The lunch menu at Astrance also seems like a relative bargain at 70 euros. But both the lunch and dinner menus seem to be "surprise menus" of the day. Am I right about that? There are certain things I can't eat - and I hate to get into discussions about substitutions - so I simply avoid restaurants with fixed menus. Thanks. Robyn

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L'Astrance has a surprise menu that is improvised -- that's how the restaurant works. So you just tell you like/dislikes/restrictions and you let them play. Your choice is 3, 5 or 8 course. And wine pairing or not. The idea is that they know best what was best on the market that day and what they feel like cooking.

The lunch menu at l'Arpège (no offense, but there's no way any southern veggie plate has anything to do with any Arpège experience -- one is food and the other is art. It does not make it less expensive for sure, but I still rather skip 20 of those for a l'Arpège lunch):

Coquetier « Maison de Cuisine»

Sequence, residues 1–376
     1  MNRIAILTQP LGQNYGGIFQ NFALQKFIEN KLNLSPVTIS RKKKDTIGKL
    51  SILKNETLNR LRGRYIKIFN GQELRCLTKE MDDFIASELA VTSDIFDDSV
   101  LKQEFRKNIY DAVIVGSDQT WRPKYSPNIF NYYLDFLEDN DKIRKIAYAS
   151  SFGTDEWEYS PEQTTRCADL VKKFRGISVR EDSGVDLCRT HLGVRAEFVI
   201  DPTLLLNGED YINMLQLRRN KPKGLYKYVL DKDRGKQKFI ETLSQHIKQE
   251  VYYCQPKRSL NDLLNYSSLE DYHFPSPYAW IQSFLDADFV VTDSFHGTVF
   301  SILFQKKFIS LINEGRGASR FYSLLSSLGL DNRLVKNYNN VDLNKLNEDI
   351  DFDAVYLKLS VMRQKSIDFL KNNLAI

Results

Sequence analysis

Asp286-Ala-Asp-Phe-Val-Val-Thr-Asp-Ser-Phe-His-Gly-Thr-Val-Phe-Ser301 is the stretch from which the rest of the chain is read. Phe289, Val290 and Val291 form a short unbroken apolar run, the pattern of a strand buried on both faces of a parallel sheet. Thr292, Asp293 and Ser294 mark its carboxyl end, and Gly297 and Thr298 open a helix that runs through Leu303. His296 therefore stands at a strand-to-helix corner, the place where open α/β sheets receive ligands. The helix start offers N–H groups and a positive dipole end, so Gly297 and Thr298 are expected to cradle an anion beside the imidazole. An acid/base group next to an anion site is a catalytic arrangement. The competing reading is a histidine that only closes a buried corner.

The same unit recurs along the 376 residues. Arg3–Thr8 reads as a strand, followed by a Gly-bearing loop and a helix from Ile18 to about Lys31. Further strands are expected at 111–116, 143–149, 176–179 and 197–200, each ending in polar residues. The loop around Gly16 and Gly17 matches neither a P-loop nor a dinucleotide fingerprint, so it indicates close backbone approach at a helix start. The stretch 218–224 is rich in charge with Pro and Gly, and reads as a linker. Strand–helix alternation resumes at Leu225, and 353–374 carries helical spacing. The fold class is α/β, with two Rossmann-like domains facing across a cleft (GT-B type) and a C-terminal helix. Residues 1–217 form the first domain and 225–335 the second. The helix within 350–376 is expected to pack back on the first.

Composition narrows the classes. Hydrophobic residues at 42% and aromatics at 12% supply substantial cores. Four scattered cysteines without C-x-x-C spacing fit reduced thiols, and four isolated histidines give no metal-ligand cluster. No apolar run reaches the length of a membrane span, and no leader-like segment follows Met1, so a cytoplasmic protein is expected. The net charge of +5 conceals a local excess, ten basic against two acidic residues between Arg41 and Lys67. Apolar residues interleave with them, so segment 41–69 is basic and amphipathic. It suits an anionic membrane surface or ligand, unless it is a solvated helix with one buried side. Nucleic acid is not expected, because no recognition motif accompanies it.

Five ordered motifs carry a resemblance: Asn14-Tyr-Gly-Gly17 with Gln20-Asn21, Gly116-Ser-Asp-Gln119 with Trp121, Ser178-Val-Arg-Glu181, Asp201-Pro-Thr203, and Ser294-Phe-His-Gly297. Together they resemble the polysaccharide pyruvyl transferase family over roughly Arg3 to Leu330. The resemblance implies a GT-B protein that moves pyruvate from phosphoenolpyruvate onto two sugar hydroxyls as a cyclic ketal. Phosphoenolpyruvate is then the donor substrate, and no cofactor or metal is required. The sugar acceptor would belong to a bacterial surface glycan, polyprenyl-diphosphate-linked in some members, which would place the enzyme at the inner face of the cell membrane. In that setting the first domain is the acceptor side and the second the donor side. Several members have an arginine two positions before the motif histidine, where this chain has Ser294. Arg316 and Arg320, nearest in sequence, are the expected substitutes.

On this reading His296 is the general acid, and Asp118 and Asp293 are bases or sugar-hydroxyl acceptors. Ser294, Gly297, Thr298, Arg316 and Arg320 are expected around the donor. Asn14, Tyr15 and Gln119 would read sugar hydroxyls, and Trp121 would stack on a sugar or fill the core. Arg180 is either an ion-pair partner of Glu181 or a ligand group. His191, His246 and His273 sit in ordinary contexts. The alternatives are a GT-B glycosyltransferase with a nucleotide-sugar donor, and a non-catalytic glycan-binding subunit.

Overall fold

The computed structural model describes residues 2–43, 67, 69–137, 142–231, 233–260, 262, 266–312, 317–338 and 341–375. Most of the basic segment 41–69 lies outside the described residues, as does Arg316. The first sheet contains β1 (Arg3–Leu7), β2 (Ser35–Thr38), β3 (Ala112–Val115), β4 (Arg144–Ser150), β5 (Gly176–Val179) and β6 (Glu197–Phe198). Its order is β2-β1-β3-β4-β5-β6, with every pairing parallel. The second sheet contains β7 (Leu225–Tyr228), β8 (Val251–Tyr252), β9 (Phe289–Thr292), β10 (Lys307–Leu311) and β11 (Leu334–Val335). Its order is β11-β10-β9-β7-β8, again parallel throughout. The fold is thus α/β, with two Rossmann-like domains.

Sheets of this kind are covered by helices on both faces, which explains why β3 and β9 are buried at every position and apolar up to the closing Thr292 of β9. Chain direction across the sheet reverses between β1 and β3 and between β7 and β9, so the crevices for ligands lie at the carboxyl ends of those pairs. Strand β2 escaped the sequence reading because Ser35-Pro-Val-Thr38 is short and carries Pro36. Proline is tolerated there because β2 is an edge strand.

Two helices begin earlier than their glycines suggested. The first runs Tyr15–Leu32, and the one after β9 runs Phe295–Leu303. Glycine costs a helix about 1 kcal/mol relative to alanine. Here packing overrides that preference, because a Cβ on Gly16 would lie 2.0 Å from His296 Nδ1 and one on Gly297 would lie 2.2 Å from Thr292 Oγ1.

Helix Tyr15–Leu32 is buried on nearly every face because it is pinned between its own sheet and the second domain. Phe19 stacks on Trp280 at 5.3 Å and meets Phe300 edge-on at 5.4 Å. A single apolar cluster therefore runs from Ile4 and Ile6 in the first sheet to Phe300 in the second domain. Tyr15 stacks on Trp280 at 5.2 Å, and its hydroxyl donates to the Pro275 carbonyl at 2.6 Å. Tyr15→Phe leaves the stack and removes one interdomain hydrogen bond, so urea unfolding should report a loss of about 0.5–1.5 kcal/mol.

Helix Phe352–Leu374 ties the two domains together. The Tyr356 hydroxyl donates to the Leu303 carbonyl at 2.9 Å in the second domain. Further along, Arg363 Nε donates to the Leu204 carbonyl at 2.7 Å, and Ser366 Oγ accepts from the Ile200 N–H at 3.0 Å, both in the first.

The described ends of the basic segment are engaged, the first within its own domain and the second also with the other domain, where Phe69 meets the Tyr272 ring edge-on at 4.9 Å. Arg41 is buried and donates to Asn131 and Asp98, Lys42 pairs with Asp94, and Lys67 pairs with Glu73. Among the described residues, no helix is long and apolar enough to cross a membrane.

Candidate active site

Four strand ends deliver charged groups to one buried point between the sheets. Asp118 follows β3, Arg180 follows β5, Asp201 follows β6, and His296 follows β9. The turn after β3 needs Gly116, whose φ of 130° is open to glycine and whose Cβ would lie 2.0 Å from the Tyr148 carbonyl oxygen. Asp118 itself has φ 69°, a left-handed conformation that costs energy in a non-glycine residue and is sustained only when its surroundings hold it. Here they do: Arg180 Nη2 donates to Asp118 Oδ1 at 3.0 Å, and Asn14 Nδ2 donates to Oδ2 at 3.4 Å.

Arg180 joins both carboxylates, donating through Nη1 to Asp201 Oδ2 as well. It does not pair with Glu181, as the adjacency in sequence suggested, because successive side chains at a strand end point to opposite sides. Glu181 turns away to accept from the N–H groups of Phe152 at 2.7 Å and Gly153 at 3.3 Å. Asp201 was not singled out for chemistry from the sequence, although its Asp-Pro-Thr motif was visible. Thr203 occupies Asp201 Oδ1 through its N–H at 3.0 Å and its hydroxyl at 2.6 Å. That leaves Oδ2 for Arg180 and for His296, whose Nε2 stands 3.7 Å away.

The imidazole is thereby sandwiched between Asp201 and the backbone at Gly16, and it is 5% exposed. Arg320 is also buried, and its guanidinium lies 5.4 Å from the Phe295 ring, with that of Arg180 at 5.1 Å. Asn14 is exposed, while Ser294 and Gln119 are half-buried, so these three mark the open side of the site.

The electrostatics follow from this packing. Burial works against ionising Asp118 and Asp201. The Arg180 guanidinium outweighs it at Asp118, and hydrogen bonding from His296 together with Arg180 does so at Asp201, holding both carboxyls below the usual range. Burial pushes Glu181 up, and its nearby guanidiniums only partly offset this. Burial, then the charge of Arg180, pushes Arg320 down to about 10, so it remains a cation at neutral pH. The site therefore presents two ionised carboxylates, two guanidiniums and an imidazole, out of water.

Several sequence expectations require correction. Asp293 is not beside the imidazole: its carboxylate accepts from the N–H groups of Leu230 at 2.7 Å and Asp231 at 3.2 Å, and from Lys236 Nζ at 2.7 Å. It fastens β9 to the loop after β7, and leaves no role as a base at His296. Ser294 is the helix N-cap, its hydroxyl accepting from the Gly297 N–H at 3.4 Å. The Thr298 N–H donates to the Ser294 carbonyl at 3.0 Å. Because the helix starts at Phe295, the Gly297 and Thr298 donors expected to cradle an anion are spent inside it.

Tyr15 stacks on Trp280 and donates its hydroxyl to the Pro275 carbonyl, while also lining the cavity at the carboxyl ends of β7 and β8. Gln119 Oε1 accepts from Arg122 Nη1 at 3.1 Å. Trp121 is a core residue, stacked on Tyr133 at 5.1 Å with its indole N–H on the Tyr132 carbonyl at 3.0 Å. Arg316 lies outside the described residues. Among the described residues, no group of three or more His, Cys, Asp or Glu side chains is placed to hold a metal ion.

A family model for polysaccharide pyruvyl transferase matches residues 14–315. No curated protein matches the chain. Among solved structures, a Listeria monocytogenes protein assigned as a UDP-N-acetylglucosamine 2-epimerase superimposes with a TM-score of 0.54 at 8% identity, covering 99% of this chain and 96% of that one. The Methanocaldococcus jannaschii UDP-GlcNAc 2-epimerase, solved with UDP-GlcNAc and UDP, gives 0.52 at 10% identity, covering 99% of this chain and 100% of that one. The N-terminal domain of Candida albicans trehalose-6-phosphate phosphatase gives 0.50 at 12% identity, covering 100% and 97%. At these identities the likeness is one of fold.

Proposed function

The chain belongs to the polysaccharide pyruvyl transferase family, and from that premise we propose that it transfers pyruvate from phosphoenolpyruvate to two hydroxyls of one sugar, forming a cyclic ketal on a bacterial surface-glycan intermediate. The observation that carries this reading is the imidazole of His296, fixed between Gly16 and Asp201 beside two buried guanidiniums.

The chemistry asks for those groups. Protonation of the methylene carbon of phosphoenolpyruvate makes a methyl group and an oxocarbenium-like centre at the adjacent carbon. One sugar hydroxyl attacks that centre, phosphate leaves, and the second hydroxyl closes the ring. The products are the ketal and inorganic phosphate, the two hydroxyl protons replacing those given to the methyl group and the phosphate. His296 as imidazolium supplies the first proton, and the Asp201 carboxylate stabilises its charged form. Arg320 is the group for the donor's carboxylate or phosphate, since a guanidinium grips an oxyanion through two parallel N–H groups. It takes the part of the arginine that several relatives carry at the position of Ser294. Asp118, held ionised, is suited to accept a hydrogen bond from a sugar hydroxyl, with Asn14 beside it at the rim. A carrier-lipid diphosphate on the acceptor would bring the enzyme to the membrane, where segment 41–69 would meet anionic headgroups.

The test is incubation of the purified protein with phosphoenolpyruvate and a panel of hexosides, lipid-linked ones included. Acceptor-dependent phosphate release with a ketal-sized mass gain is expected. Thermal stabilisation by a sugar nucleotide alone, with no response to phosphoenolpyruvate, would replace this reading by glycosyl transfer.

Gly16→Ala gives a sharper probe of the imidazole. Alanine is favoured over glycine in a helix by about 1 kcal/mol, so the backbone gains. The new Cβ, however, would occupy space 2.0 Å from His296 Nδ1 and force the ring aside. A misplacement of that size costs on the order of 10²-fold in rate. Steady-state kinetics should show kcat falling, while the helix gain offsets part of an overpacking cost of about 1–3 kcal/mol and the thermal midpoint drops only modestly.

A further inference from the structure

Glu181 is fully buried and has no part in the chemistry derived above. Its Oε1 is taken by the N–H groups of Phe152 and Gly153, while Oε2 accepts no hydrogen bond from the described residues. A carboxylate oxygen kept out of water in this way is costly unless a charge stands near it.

liqueur d'érable acidulée «4 épices»

Egg

Les gnocchis d'Alice à la sauge

beurre noisette

Gnocchis

Botte d'asperges poêlées à la verticale

à la citronnelle

asparagus

Petits pois «merveille de Kelvédon» au gingembre

oignon «cheveux d'ange»

peas and onions

Pousses, carottes, navets, choux, aulx, radis aux herbes

image du potager ce matin

the day's vegetables

Ecailles ou plumes...

reflet de la gourmandise

fowl or fish of the day

Salers de la ferme Caldayroux

été 2007

cheese (1)

Corbeille de parfums

fragrance

desserts

Don't know about Gérard Besson but you can ask them -- though it is probably too early. I am 100% sure that they don't have tourist buses each night, but I don't know how often that can happen. Only went for lunch which, as you point out, is a good way to avoid the problem.


Edited by julot-les-pinceaux (log)

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Julot , please explain why 'Taillevent is not about the food anyway'...


Anti-alcoholics are unfortunates in the grip of water, that terrible poison, so corrosive that out of all substances it has been chosen for washing and scouring, and a drop of water added to a clear liquid like Absinthe, muddles it." ALFRED JARRY

blog

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I like a game a lot.  Not all of it (I once had wild swan in the UK and that was not to my taste).  But most of it.  So I was looking at Gerard Besson.  I read one review where the writer was really turned off because he was dining on a Friday night with a bus load of tourists.  That would be a turn off to me!  Is this common at that restaurant (and if it is - I assume it would be more of problem at dinner than lunch).
I think that's a rare situation; it's more likely in a brasserie than a place like Besson.